6/10 (Alright)

Full disclosure: Breakout Greensboro provided media discounted tickets for our group.

Total Escape – Prison Break (Review)

Location: Winston-Salem, NC

Price: $30 per person

Players: 2-8 (We recommend 2-4)

Time to Escape: 60 Minutes

Let’s blow this popsicle stand!

Theme:

You and your partners in crime, for one reason or another, have found yourselves convicted and thrown into jail. But worry not! Your pal Donny knows a guy, (who knows a guy,) who busted out of this place before. Apparently, he left clues around about how to escape, and Donny previously followed them to obtain his freedom before you. Just stick to the clues, and you’ll be outta here in no time! But do it within an hour, because the diversion Donny set up for the guards is only going to hold for so long!

First Impressions:

Our game master, whose name I unfortunately did not get, was phenomenal! Delivering a light hearted introduction to our cells, and playing along with our pre-escape shenanigans, she really helped set a fun tone for our experience. I could tell from her interactions with us that not only would the room be a great experience, but the staff at Total Escape were having a good time as well. All of which boded well for our adventure!

High Points:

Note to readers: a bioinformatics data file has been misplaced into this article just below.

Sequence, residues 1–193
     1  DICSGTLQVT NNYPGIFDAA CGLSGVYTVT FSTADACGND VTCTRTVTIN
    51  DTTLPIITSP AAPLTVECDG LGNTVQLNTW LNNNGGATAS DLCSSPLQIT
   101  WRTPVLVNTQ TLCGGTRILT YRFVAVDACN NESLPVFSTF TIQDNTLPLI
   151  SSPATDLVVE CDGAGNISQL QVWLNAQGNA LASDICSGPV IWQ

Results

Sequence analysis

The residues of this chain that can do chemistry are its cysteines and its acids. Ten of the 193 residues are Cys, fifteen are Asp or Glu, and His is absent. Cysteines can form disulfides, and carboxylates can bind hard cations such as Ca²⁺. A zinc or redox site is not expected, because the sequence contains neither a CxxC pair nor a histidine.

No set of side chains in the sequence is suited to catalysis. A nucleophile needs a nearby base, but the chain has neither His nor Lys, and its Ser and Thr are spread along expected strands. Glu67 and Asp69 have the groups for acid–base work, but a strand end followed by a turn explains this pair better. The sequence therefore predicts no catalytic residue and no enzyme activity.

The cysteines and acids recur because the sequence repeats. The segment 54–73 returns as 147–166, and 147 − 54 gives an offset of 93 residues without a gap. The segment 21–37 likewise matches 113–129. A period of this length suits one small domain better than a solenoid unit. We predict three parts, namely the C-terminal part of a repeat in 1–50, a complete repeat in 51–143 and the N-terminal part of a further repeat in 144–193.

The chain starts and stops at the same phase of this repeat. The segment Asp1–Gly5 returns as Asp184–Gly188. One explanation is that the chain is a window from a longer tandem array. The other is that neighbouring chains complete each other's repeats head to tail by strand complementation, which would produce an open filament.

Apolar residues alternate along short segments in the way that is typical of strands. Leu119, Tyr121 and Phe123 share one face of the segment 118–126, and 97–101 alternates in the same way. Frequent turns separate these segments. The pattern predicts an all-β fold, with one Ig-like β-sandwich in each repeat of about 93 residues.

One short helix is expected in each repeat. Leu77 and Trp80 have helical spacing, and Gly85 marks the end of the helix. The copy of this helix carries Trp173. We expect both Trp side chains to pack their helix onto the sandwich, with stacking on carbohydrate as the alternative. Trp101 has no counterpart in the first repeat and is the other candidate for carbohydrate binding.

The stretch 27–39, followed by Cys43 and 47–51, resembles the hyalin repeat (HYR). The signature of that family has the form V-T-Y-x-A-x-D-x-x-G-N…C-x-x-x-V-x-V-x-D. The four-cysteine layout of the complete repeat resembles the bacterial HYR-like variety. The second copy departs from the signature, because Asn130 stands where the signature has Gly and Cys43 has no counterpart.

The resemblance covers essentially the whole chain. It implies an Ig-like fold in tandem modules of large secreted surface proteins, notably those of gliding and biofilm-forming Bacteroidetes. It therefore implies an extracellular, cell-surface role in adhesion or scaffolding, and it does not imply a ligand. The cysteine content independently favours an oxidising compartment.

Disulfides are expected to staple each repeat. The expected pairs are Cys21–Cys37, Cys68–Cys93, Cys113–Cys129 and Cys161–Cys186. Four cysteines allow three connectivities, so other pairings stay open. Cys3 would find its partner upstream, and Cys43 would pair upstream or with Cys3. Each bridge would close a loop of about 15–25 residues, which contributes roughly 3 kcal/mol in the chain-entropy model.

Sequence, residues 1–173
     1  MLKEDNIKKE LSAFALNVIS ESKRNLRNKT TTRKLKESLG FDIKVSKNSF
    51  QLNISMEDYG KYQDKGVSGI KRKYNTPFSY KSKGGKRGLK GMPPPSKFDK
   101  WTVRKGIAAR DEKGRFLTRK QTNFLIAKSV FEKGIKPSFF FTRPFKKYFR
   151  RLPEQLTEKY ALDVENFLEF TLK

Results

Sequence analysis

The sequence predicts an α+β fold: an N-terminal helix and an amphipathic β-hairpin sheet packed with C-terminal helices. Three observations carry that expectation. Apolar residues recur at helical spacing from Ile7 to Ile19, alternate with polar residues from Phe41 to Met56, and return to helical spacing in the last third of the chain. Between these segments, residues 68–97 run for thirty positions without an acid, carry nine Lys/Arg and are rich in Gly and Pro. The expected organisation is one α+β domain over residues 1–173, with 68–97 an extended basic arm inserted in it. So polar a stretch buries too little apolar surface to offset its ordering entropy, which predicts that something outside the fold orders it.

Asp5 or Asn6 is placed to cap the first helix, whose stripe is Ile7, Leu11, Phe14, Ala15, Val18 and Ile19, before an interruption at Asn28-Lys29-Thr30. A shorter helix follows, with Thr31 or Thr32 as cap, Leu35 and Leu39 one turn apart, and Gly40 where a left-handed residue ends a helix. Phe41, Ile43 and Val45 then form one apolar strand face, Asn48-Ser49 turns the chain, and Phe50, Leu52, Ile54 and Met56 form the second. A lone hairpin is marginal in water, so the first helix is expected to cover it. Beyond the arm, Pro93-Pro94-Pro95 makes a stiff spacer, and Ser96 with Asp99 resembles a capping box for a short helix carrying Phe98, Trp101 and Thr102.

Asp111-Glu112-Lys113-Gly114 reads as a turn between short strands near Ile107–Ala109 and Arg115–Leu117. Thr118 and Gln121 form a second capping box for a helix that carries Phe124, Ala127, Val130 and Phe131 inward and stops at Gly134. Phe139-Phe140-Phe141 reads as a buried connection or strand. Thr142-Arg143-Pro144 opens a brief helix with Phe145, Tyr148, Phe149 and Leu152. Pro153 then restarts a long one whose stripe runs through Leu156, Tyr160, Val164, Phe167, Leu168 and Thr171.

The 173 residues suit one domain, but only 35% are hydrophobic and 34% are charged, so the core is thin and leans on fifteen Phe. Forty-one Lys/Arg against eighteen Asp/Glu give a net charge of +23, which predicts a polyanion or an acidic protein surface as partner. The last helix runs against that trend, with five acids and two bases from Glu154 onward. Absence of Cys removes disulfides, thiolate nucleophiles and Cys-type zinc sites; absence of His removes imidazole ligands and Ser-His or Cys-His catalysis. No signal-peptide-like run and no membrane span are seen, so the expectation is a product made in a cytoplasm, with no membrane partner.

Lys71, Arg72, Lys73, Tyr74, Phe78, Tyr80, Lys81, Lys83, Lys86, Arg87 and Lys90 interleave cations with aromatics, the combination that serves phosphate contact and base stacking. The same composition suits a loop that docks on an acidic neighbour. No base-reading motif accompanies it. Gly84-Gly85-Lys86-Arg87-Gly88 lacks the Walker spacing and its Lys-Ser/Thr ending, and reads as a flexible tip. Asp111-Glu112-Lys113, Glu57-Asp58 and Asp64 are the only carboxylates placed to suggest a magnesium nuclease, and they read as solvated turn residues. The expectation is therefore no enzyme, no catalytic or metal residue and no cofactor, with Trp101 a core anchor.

Prison Break initially split our team between two different cells, and most times, the execution of this sort of game mechanic leaves much to be desired. Total Escape, however, ensured there was no “Curse of the Less Interesting Cell” by making sure that both teams had plenty to do, and peppered this whole stage of the game with great teamwork puzzles that ensured that all of us were able to remain engaged with the game every step of the way. Even when there was one interaction that was reserved for one team, the rest of us felt involved with what was going on, and were never left to twiddle our thumbs waiting to be rescued from our cell. The game flow for the entire experience was incredibly smooth, climbing a steady difficulty curve and weaving clues, solutions, and inputs together well, leaving no room for uncertainty once we had solved any of the game’s myriad challenges. The puzzles were also very original for the most part, and were presented in a mostly non-linear fashion, keeping us immersed in the experience from lock-up to jail break!